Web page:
Of course, it is true that patents indirectly block innovation for some companies, but this has nothing to do with a patent grant that is too strong or a dysfunctional patent system. Any particular company that is indirectly blocked by patents finds this to be true for one of two reasons. First, the company itself is not an innovator and can only engage in copying the success of what other, truly creative innovators have done. Second, the company does not actually respect patent rights and doesn’t care to look to see what has been or is being patented by others. If you fail to look to see whether what you do is going to infringe you simply keep blinders on and do whatever you want. Then you wake up and realize that you are doing what someone else has patented. That shouldn’t lead to a temper tantrum that causes one to rail against patents, rather it should lead to self examination relating to why you proceeded so recklessly. Yes, moving forward with conscious disregard for what others are patenting or have patented is hardly appropriate business judgment; it is reckless!
Mueller sums up what I refer to as Google’s reckless behavior by pointing out: “Google’s track record in respecting intellectual property rights is problematic to say the least. Think of YouTube or Google’s aggressive approach to its Google Books project.” Knowing as we do that Google has a track record of innovation that means that if Google is being blocked by patents it is because they simply do not respect intellectual property rights owned by others and, as a result, engage in wholly inappropriate and reckless business activities. I guess shareholders are content with Google presently, but I would love to see a shareholder lawsuit someday against a tech giant that simply refuses to respect intellectual property rights. Keeping their head in the sand, wasting thousands upon thousands of hours developing products that will ultimately infringe and then paying large damage awards or licensing fees because they chose not to engineer around is just bad business, and a waste of time and money.
Reinventing something means it is new to you, but not new to the world. By its very essence the patent system forces invention, not reinvention, which is just another word for “infringement.” The fact that Google frustrates its own ability to innovate isn’t a patent system problem, but rather a Google problem.
So the truth isn’t that patents block innovation, but rather that the business practices of Google and other tech giants block innovation. Rather than push the envelope forward into new territory, building upon the contributions of others, Google and many other tech giants simply close their eyes and do what they want. That has never been a strategy to advance innovation. Innovation thrives, as does scientific advancement in general, when creative, intelligent and motivated minds seek to build upon the work of others.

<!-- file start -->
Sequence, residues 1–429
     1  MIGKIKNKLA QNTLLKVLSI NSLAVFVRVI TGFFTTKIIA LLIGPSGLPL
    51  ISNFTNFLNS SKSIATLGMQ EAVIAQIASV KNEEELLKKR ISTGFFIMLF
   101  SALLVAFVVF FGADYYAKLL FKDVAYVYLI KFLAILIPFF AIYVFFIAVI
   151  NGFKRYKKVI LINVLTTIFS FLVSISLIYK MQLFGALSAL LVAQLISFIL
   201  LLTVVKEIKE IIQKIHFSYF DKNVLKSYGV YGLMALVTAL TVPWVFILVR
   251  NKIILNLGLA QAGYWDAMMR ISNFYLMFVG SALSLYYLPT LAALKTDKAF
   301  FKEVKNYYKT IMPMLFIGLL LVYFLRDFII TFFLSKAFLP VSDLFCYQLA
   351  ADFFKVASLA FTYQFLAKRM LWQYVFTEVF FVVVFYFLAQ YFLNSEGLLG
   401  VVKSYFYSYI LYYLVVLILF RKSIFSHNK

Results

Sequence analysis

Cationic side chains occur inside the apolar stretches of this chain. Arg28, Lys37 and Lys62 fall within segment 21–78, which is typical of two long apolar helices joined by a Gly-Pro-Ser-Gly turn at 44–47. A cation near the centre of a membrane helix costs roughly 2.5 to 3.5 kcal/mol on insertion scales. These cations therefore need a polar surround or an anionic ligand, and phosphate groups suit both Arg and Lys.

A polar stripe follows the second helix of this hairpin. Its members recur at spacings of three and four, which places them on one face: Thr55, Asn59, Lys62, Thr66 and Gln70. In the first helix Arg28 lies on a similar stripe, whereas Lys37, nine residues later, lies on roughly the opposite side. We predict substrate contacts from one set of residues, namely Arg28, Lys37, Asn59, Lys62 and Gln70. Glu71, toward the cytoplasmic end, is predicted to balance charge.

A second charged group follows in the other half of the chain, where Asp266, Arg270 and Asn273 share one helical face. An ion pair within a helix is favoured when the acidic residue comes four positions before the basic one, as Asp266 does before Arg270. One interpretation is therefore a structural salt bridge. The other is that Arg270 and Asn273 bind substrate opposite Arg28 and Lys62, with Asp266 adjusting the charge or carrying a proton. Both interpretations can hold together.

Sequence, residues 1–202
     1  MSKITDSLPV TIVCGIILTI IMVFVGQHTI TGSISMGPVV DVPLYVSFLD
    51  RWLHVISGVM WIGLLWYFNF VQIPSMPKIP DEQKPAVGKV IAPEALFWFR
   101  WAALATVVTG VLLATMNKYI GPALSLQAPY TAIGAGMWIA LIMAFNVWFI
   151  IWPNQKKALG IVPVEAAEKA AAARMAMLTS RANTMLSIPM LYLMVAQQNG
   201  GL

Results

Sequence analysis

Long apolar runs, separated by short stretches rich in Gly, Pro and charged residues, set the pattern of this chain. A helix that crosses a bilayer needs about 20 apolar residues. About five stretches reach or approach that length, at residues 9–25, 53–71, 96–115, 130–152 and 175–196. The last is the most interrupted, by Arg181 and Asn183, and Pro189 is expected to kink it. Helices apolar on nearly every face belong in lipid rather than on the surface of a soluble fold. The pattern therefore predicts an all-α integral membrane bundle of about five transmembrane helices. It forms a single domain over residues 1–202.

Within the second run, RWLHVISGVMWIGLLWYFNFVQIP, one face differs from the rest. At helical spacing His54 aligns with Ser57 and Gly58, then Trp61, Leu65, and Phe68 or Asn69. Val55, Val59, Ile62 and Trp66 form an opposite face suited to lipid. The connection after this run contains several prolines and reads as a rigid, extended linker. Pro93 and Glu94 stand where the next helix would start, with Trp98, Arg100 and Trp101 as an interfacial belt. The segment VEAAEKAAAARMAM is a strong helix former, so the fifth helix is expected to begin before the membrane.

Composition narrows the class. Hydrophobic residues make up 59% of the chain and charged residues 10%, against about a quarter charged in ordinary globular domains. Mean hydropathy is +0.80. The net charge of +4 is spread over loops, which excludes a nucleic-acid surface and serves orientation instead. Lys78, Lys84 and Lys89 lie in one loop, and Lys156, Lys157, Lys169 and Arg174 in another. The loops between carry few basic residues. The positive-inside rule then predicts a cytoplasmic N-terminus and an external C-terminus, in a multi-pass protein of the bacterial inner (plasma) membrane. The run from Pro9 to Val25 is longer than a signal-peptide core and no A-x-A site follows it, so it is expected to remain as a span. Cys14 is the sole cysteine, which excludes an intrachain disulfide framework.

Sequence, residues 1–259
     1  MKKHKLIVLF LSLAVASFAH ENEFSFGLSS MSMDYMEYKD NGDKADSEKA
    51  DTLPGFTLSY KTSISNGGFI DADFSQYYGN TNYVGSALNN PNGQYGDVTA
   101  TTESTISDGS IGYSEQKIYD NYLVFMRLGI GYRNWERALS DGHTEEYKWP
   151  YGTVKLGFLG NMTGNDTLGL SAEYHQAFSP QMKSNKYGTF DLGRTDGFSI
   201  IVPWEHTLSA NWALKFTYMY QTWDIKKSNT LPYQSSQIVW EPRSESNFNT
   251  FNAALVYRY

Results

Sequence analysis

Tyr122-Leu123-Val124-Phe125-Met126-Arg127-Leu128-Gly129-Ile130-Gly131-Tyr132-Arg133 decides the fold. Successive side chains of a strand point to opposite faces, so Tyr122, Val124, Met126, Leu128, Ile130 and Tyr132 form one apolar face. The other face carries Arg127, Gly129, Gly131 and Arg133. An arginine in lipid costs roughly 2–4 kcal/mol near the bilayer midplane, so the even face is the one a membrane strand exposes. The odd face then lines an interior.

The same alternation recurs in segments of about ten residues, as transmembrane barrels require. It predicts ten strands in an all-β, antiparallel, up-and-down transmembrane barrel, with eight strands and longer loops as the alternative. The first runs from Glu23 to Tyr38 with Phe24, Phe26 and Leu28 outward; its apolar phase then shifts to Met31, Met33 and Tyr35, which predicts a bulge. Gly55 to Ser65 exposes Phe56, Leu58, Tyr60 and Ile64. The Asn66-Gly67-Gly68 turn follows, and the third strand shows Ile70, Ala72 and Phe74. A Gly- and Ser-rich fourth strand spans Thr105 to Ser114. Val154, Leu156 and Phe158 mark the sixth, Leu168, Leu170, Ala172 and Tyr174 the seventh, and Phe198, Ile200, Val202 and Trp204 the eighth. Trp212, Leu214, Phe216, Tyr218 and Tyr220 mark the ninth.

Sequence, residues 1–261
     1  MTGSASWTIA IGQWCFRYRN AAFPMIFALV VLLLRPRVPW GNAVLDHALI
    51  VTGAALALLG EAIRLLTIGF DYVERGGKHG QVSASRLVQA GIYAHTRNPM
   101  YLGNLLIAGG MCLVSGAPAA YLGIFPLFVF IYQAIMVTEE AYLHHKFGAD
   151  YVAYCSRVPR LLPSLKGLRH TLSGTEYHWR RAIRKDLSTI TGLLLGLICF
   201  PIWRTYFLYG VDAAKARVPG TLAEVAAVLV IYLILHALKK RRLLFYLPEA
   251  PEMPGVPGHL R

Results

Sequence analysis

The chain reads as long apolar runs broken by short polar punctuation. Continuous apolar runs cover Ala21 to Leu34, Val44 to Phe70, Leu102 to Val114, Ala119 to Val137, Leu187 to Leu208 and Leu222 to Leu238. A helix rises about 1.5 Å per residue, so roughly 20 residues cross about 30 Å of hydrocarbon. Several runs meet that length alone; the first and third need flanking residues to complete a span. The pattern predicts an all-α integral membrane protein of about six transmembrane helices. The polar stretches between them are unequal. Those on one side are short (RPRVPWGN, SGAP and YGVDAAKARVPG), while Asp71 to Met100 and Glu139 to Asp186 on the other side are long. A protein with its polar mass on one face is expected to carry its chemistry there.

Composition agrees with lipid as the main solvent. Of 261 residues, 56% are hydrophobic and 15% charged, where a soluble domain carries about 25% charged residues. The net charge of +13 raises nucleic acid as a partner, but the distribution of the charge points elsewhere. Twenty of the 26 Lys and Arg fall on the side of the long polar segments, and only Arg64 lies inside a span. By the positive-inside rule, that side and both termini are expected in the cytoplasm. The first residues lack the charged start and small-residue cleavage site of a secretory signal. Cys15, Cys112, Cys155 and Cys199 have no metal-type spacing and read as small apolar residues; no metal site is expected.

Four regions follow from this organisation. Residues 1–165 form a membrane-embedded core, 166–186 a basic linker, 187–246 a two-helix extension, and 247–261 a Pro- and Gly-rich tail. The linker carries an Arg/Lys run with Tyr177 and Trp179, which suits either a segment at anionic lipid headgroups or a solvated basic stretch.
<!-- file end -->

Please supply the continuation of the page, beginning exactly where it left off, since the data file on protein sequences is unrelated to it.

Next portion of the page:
Of course, the patent system can and should work better. It shouldn’t take so long to get a patent and patent examiners should be given more time to work on patent applications. In a perfect world the problem of patent trolls would be adequately addressed. Of course, there are easy solutions to the problems faced by the USPTO and the problems presented by patent trolls. With respect to patent trolls, for example, there are rules on the books that would prevent the egregious actions of the bad actors if only actually utilized by district court judges (see Rule 11 of the Federal Rules of Civil Procedure). Of course, the mere fact that a patent infringement action is brought does not mean the plaintiff is a patent troll. Rather, it typically means there is infringement of a valid right and that deserves to be compensated by the tortfeasor / infringer.
The failure of Congress to fix the USPTO and the failure of the Courts to prevent shake-down litigation in the patent litigation arena lead to many fair and valid criticisms. Unfortunately, those valid criticisms tend to feed an anti-patent agenda and lead those who should know better to condemn the patent grant itself. Patents are not the problem, the system is the problem. Until we fix the system the problems endemic within the system will be used to support illogical arguments that sway public opinion and capture the imagination of uninformed leaders in Washington, D.C.
Patents don’t block innovation, those who capitulate and run around like chicken-little block innovation. It really is just that simple.